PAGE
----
When I got home, I uploaded all the pictures to Lightroom, and began to browse through the files.  Oh boy…why do they always looks so good on the back of the camera, but then terrible when you pull them into Lightroom?  Well…they weren’t terrible, but they weren’t good.  They all seemed pretty noisy to me.

At the beginning of the game, there was still a bit of sunlight left, and most of the pictures were being shot with a shutter speed of 1/2000, f/2.8 and the Auto ISO was selecting about 2000-2500 for most of the pics.  Not bad.  Shutter speeds were fast enough to freeze motion, and the ISO was low enough so the pictures would not be noisy.

As the evening got darker and darker, I shot most of the pictures with a shutter speed of 1/320, f/2.8, and now the Auto ISO was selecting ISO numbers between 5,000 – 10,000!  I knew these pictures would be noisy with an ISO that high, but I was hoping that I would be able to use the Noise Reduction tool in Lightroom to try and smooth the pictures out.

In these particular photos, I wanted you to see how much the lighting changed from the beginning of the game to the end of the game.  When we started, the sky was cloudy, but still a bit of light.  By the end, it was pitch dark!  I do think it looks neat, though!

I was able to reduce the noise quite a bit in Lightroom, and the pictures looked pretty good.  Most people probably wouldn’t even think twice about what these photos looked like, but I’m pretty particular about my photos, so the noise bothered me.  I also don’t like to have to use the Noise Reduction tool, unless I absolutely have to.  I feel like you can usually tell when someone has used this tool too much on a photo.

Things I Learned from a Night-Time Sporting Event:

  • Don’t plan your shoot around the lights that are supposed to be there – I learned the hard way that just because it’s an “under the lights” game, that doesn’t mean that the city will have all the lights working.
  • Do not use Auto ISO – because it is so dark for most night-time games, the Auto ISO will go up way to high and create a “noisy” image.  Shoot a few pictures and choose ISO settings based on what you are seeing.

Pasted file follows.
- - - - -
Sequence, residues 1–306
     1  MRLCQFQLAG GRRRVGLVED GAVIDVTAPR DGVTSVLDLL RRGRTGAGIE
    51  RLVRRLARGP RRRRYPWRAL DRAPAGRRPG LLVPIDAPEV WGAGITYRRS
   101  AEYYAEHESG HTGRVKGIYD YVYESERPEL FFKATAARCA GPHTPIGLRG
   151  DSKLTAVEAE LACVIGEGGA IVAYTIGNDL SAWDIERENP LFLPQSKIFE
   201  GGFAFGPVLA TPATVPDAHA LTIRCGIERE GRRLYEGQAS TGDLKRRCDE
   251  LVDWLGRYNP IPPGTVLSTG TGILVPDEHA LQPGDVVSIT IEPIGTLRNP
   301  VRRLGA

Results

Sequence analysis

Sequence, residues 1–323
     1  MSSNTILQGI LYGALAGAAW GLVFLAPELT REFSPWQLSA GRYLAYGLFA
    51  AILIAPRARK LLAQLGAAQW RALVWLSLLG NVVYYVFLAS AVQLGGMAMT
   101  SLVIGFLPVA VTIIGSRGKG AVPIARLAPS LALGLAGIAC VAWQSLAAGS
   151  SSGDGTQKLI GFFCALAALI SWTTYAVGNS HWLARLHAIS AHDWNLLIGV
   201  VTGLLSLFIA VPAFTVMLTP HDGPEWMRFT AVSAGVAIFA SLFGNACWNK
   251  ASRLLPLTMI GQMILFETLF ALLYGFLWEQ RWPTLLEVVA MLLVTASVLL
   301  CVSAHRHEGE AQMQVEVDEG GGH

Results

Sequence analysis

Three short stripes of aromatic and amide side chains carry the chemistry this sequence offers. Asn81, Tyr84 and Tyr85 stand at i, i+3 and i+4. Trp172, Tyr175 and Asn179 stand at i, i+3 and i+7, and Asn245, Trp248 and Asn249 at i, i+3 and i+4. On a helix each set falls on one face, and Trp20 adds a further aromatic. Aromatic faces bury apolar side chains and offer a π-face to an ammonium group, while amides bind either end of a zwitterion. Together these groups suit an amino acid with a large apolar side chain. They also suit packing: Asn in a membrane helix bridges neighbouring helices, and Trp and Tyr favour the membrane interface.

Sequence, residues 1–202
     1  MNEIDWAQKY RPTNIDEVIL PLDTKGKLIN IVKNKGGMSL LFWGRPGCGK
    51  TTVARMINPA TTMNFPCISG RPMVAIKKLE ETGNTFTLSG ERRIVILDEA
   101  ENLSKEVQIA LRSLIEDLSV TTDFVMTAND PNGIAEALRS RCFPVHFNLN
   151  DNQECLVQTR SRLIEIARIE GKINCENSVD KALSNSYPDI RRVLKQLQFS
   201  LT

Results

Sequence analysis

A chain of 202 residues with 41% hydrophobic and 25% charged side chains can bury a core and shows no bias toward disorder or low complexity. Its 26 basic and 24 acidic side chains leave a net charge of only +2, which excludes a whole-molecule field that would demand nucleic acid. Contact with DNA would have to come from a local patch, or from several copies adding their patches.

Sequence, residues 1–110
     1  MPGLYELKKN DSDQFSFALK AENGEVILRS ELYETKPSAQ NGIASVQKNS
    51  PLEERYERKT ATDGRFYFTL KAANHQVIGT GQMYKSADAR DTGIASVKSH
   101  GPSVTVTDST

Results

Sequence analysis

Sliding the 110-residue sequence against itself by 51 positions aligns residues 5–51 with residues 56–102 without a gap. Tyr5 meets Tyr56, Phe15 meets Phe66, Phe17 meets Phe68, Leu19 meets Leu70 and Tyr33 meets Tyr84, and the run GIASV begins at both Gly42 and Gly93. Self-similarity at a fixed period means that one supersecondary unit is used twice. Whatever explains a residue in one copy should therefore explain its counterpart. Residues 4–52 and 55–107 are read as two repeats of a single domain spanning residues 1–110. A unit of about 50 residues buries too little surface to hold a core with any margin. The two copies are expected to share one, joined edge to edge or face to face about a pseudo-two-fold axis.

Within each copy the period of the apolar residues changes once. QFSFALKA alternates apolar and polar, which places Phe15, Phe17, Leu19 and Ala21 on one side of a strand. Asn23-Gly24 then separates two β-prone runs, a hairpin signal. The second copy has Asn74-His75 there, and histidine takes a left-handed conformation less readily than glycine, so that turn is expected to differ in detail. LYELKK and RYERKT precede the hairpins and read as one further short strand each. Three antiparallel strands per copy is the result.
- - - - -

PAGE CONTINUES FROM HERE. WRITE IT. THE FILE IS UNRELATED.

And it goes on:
• Do practice some night-time shots before your event.  Or check out a YouTube video.  Or read a book on shooting at night…
  • Don’t give up if your first shot doesn’t work out – just keep adjusting the settings until you get something that is close.
  • If you want to make sure you have some sort of documentation, you might try videoing the game with your iPhone.  Or at least parts of it.  That’s what I did, so all was not lost on my noisy pictures!
  • Have fun!  And let me know what works for you!

Overall, I was pleased with what I learned, and the shots that I got that night on the soccer field.  But, I do realize that there is still a lot to learn before any sporting magazines are calling me and asking me to take “under the lights” sports photos for them!  Maybe one day…

Let me know what you’ve learned from your experiences with “under the lights” photography.  I’m sure this is the first of many soccer games that will be played under the lights, so I really need to figure this out.

And guess what…my son has an “under the lights” baseball game this week.  Guess I’ll get even more practice trying to photograph sports in the dark.  Maybe, just maybe, all the lights on his field will be working.  Until next time…